Tag Archive for john reese

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Don't Wait! "Outsource Force" is Open Now.

The sooner you see this the better!

Facts I learned from John Reese:

1. The most successful online marketers leverage inexpensive virtual workers.

2. There are tens of thousands of virtual workers wanting to work for you for as little as $2/hour.

3. Virtual Workers = They Do The Work, You Make The Money!

And now you can get first-hand coaching directly from someone that has mastered Outsourcing.

But John has limited seats available, so watch this video now and decide quickly.

Gary Halbert – ranting, copywriting legend…

Gary Halbert

A saying goes that he who projects a tough exterior usually has a soft, cuddly interior. Perhaps it goes to show there are people who know the master copywriter well enough to create this cute caricature

I’m taking a little time out to write about a legend I hardly know. As far as this small-fry marketer living halfway round the world is concerned, my initial impression is that Gary seems to be a pioneer of “offensive copywriting”. I’m not sure what his usual choice of 4-letter words are but from what I’ve heard, he writes in a “I got nothing to lose. Show me all your bets” tone, and true enough, he endorsed The Rich Jerk’s copywriting because he identified with it. In fact, there’s something about Jo Han Mok’s copywriting that makes me suspect they contain shades of Gary’s style. On the few occasion I met Jo ‘live’ I should have asked if he learned directly from Gary. Maybe next time…

Gary died in his sleep on Easter Sunday. The tributes are pouring in:

“I have been learning from Gary since I was 15 years old and was blessed to call him MY FRIEND. Gary was one of the greatest marketers in the history of mankind. And that is not an understatment.”

John Reese

“You know Eric, Gary had the best copywriting skills I’ve ever seen. Wish I could do one tenth of what he could do in his writing.”


“That man provided me with some of the best material I have ever seen for copy. He was a legend and will truly be missed. Marketers, if you have any sense of desire for improvement in what you do, you’ll make the effort to see what this man accomplished in his lifetime. And what the legacy he left behind can do for you.”

Omar Khafagy

“Even before anyone had dial-up, Gary was a highly praised direct response marketer. I will honor his memory by reading a marketing manual I had purchased from him long before the phrase Internet Marketing was conceived.”


“Sad news…had the pleasure of meeting him and getting a copywriting critique…the man was flat out brilliant. His swipe file is one of my prized possessions. A true legend in marketing.”

Dr. Mike Woo-Ming

…Just a few taken from this Warrior thread.

You MUST study The Gary Halbert Letter. Gary is so generous with his content for his newsletter archive. You will understand more than his ‘offence’ trademark, it is his business experience, humor and personal confidence that pervades his language. Just read “Canine Testicles” and laugh out loud. It’s one episode in a series concerning a “water filter” ad so please make it a point to cover what it’s all about.

Susanna Hutcheson uploaded one of Gary’s famous ads, a weight loss ad.

Although I hardly know the man, I have seen him quoted in other sales pages and his testimonies for other products. If you have learned directly from Gary, please feel free to put down some great lessons and insights you have gained, or simply pay tribute to him. I like to find out for myself how I can be a little more hard-edged in my writing without putting all of you off, keke.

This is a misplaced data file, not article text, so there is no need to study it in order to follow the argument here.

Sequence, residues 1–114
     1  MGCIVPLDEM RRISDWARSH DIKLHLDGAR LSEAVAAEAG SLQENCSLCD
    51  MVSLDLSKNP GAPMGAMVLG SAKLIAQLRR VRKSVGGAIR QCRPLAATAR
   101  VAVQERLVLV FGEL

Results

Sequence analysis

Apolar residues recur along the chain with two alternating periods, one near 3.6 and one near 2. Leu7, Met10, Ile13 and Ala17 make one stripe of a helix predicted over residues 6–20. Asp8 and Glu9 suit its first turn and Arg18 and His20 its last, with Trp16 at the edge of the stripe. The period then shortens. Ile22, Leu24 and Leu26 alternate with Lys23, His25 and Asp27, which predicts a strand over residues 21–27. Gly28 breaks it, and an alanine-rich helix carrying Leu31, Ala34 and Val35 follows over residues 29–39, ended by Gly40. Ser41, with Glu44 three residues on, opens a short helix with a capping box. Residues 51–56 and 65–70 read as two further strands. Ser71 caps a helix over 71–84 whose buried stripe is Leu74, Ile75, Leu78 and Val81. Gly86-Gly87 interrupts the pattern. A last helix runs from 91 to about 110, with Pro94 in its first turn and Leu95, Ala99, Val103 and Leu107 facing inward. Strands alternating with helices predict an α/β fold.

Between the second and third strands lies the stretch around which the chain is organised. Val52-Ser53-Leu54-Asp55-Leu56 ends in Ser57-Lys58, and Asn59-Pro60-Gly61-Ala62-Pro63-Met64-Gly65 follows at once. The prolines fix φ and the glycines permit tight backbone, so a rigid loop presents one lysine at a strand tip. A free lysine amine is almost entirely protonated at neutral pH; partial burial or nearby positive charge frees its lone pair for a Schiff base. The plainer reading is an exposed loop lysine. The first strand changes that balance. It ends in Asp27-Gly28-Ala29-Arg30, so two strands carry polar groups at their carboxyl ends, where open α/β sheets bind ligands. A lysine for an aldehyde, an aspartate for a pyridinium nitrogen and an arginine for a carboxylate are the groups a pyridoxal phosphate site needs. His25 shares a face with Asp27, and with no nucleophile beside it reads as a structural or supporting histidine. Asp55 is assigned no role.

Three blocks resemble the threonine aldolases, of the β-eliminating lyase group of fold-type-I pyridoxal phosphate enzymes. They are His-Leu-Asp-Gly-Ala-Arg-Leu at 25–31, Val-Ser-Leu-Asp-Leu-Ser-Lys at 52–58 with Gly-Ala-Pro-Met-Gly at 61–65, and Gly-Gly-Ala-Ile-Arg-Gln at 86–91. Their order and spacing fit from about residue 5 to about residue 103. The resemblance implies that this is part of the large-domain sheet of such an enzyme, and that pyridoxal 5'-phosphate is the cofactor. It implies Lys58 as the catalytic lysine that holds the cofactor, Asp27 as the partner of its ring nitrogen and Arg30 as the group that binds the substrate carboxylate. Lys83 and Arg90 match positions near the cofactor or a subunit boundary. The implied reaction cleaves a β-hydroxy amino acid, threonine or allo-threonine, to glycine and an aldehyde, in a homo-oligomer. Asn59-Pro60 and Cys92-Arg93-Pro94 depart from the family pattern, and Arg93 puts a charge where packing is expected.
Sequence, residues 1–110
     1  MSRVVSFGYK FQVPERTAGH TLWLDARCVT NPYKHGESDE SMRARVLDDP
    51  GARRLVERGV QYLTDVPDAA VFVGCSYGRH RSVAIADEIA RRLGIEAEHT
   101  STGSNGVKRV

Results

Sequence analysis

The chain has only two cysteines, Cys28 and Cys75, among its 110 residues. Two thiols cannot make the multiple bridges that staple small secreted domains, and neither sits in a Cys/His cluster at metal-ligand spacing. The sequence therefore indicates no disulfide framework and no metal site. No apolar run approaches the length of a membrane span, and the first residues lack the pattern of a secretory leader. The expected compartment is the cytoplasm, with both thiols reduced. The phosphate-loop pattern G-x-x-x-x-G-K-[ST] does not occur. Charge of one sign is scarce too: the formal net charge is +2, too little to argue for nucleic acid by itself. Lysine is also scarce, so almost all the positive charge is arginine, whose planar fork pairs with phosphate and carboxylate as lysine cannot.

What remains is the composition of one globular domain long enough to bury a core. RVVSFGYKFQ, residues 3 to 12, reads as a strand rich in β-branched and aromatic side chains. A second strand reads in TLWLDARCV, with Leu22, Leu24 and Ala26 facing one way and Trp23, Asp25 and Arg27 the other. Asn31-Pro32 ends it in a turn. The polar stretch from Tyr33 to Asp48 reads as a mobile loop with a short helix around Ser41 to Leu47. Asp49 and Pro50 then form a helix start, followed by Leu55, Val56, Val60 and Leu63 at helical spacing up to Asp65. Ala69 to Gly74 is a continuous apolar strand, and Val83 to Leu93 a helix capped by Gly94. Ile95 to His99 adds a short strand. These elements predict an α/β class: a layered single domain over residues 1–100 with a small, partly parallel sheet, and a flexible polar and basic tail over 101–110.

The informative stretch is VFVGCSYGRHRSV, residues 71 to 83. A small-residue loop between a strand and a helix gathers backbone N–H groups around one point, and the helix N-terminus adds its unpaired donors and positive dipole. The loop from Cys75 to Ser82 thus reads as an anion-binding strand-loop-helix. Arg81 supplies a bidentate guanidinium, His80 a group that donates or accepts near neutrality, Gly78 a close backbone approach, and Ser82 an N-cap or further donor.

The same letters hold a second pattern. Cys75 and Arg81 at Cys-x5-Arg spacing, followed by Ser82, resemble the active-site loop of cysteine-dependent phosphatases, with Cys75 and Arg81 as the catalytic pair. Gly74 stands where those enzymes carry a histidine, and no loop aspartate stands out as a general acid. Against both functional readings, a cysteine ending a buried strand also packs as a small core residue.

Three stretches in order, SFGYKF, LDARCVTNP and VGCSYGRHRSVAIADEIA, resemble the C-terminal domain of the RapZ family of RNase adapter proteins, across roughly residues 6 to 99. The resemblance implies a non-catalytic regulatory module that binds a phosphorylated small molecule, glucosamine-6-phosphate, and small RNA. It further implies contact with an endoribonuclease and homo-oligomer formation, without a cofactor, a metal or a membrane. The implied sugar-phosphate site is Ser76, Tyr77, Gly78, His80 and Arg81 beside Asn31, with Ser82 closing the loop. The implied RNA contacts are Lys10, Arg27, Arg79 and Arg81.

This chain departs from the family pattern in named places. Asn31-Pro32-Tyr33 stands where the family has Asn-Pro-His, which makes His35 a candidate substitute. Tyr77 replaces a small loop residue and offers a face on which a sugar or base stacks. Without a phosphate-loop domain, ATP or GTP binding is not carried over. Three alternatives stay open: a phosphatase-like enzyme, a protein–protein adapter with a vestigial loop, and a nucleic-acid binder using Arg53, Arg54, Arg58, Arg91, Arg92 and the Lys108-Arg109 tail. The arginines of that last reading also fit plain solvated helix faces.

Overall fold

This time, it’s WAR…in 2007.

John Reese revealed 5 tips on maximizing your productivity in 2007 on December 27th. Allow me to add in my own input:

#1: Prepare a WAR plan.

John wrote about having a dedicated “War Room” in his house that’s set up just for planning. It is a dedicated space in which to plan out what his next moves will be. One main reason is to resist against a temptation which most of us have: of simply treating activities as they come “day by day” and doing whatever comes to mind, like dealing with non-essential or minor stuff…like checking e-mails. And then when it comes to making decisions on what to do next, these tend to be short-lived because if you start every new work day by having to make a decision about what to work on next you’re seriously missing out on focusing on building longevity of your business, its brand and its identity.

In all our time serving out military obligations in Singapore (which all men here do), I found the word “mobilization” strangely attractive in business context. In exercises, I observed men of every rank moving non-stop here, there, everywhere trying to get things done (whether anything gets done at all is another matter, haha. Usually it does), all in the name of fulfilling the larger goals of what the exercise was all about. I also tend to associate the word with Hollywood war films in which you hear the commanders shout, “Now move!” or “Go go go!” (getting more clich√© yeah?)

The beauty is machines and manpower get activated and mobilized for something at a snap.

It is the same with business. Without the definition of the larger goals and directions, you couldn’t have felt more motivated to go go go…go where?

For seasoned marketers, it is bound to come to mind that setting up site after site to no end is pointless if they don’t make much of an impact via product and service offerings. Take a good amount of time to backtrack a bit, go back to the drawing board, take out a piece of paper, and really visualize and pictorialize a flowchart, Gantt chart, cause and effect chart, fishbone chart whatever; decide how to create a larger network of sites that complement one another, and how this network can promote and reinforce the business identity which is your X-Factor, and how visitor traffic will flow within this network. At what point do they subscribe and at what point do they get sold?

(I last heard that a formal alliance is forged between Virgin Airways, EasyJet and AirAsia to operate long-haul flights from Kuala Lumpur to China, India and the UK. If these airlines operate on their own, their impact and outreach would have been much limited. But now travellers can travel further into more corners of the world as if they were flying with a regular airline, and still at budget rates. It’s the same analogy with websites.)